Wednesday, August 31, 2011

Design and Material Considerations for Garden Paths


Pathways are essential for foot traffic. The first law of any path is to move people from point A to point B as directly as possible. Curving paths wind enticingly through the landscape. Straight lines are typically for more formal paths closer to the building or home. A formal path leads the eye to a focal point such as a front door, garden gate, statue of garden water feature. Plantings often follow the lines laid out by the straight path to emphasize the visual focus. 

Practical considerations include dry, non-slippery surfaces and enough width for two people to walk side by side or pass each other comfortably. Crabapple LandscapExperts often marry the hardscaping and building architecture with paths in the landscape in order to pull the design together, particularly close to the architecture.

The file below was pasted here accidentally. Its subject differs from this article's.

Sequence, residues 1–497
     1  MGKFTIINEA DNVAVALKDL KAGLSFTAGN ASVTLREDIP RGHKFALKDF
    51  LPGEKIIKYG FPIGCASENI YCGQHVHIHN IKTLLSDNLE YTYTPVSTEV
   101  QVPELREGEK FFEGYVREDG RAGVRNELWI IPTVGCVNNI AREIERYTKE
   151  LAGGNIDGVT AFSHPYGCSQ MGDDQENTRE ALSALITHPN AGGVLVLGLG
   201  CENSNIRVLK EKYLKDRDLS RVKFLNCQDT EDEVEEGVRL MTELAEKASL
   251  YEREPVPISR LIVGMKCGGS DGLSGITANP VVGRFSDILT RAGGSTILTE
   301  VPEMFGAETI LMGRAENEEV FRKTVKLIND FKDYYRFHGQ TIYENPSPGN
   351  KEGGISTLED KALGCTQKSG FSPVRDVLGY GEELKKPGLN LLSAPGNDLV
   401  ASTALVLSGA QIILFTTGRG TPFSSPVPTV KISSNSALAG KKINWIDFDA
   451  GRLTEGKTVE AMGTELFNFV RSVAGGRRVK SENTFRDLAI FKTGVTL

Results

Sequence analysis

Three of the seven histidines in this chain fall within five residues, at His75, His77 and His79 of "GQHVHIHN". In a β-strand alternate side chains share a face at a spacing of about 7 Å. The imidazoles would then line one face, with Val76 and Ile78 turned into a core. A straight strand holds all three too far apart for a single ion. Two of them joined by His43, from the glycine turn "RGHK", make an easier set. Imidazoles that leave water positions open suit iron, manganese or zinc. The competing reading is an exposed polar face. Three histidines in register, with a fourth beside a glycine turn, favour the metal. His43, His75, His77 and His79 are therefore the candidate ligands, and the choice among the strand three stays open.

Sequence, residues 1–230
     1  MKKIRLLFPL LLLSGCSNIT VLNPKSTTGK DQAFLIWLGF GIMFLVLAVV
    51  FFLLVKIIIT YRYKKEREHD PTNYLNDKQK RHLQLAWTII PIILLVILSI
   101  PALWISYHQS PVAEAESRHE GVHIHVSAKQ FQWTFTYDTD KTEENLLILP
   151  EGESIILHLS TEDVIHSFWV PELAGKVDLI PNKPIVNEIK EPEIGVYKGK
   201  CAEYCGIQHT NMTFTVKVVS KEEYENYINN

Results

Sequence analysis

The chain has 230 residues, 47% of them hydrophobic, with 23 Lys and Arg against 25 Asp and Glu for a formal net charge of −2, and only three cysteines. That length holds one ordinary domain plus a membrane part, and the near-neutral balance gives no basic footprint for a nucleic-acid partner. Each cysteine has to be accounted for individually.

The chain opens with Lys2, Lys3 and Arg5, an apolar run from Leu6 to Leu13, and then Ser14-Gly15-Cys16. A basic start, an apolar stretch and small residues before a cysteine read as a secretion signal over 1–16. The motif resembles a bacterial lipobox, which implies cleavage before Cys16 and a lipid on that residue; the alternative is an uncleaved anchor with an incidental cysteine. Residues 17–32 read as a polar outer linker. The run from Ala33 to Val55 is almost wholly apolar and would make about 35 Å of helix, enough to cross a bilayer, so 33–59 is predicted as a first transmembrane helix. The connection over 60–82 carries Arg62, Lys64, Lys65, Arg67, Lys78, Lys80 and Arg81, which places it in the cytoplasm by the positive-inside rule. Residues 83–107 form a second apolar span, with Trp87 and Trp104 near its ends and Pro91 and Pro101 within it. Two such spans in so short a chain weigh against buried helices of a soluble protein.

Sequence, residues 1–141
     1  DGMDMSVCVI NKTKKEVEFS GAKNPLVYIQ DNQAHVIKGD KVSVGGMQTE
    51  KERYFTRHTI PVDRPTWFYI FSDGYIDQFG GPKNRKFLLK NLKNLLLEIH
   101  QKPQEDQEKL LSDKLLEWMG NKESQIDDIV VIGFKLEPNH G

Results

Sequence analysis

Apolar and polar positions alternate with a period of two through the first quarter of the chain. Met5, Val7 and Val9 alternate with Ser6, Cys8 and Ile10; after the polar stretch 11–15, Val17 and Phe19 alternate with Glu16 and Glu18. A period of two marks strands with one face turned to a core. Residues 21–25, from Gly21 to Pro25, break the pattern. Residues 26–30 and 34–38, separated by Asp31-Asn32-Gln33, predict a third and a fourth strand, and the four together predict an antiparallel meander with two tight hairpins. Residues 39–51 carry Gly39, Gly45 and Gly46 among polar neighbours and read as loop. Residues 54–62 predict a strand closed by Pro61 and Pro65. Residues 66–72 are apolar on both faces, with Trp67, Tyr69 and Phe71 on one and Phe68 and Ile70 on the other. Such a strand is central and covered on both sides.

Paths contribute to the character of a property, and the layout (straight or winding) and the choice of materials affect the overall impression of the garden. Most gardens or recreational areas are immediately adjacent to houses or buildings, and paths provide an essential link between the two, extending the architecture into the greenery.

On the other hand, a garden path is an aesthetic decision. .An integral part of any garden, a path can be used to lead the eye deeper into the landscape, and entice your residents to explore its beauties. A garden path provides structure, unifies the landscape and can be beautiful in and of itself. A well-planned path serves many purposes in the garden in addition to the merely practical.

Your Crabapple Rep can help you choose a path design and discuss materials that will blend harmoniously with the existing site and with your objective.  

Photos courtesy ThaiGardenPaths and BanasStones)

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